Professional Discipline and Licensing Suitability: A Recent Case
| August 16, 2012
An interesting 2011 case from the Quebec Court of Appeal has significant relevance for those in regulated professions across Canada (College des medecins du Quebec v. Genest, 2011 QCCA 1683).
The court case arose as the result of a member who was disciplined by the College des medecins du Quebec. Leading up to that disciplinary decision, the member had been provisionally struck from the register pending a decision on the merits of the case. The member was later convicted on eight counts by the College’s discipline committee, and among other things, the discipline committee imposed a permanent restriction on the member’s practice.
However, the time for the member to be struck from the register was not extended or made permanent. Upon compliance with the disciplinary sanctions and penalties handed down by the College, the member wished to re-register as a member in good standing.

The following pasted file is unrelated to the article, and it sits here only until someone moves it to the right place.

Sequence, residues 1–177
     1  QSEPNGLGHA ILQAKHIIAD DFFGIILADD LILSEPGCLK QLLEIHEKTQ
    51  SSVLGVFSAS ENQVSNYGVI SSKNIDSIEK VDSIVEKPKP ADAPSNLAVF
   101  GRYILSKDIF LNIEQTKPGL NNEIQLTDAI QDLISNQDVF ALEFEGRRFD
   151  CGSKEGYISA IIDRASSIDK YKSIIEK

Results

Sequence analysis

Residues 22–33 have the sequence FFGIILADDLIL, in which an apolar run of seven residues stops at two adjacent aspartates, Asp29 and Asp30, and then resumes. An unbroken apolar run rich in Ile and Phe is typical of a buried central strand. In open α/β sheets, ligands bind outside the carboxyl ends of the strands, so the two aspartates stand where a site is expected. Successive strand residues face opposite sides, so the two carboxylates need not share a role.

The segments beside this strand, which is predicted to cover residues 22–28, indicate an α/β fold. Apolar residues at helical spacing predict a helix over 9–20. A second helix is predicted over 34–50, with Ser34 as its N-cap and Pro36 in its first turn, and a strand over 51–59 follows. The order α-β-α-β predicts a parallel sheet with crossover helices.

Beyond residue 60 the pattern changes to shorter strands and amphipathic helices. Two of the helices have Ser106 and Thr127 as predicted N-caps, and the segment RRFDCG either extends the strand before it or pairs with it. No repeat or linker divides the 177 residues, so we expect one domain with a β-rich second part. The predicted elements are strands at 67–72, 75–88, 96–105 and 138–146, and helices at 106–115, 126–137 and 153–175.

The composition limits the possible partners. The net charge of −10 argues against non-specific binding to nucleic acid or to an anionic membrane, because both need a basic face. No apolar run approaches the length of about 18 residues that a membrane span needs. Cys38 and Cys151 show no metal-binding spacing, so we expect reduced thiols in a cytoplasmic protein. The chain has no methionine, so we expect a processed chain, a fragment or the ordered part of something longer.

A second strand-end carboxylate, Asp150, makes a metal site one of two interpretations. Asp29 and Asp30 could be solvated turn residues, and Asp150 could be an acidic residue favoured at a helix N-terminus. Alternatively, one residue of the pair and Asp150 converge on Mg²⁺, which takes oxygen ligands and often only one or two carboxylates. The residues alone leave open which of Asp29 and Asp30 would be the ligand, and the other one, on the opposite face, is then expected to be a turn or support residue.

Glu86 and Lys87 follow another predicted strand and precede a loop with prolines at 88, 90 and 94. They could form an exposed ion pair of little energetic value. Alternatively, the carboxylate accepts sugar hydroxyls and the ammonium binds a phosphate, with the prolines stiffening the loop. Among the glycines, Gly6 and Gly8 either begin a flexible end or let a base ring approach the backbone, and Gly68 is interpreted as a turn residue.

As some permanent restrictions had been placed on the member’s practice by the discipline committee, the College’s administrative committee indicated she would have to re-apply for reinstatement to the College. Her application for reinstatement was denied, and an application for reconsideration of that decision was also denied. The College indicated it denied the member’s reinstatement in fulfillment of its public interest mandate. The Quebec Superior Court, in a decision upheld by the Court of Appeal, rejected this argument.
As summarized by Field Law in a recent publication, “Perspectives for the Professions”:
The Court of Appeal held that the Administrative Committee had no discretion or authority to deny reinstatement to the member once the sanctions had been complied with….where a disciplined member satisfies or complies with penalties or sanctions imposed as a result of misconduct, any further disciplinary action will be deemed improper and unlawful. Once a member has complied with sanctions ordered by a discipline tribunal, the registration committee cannot deny registration or reinstatement as that would have the effect of increasing the penalty ordered by the discipline tribunal.
Do you agree with the Court of Appeal’s decision – why or why not?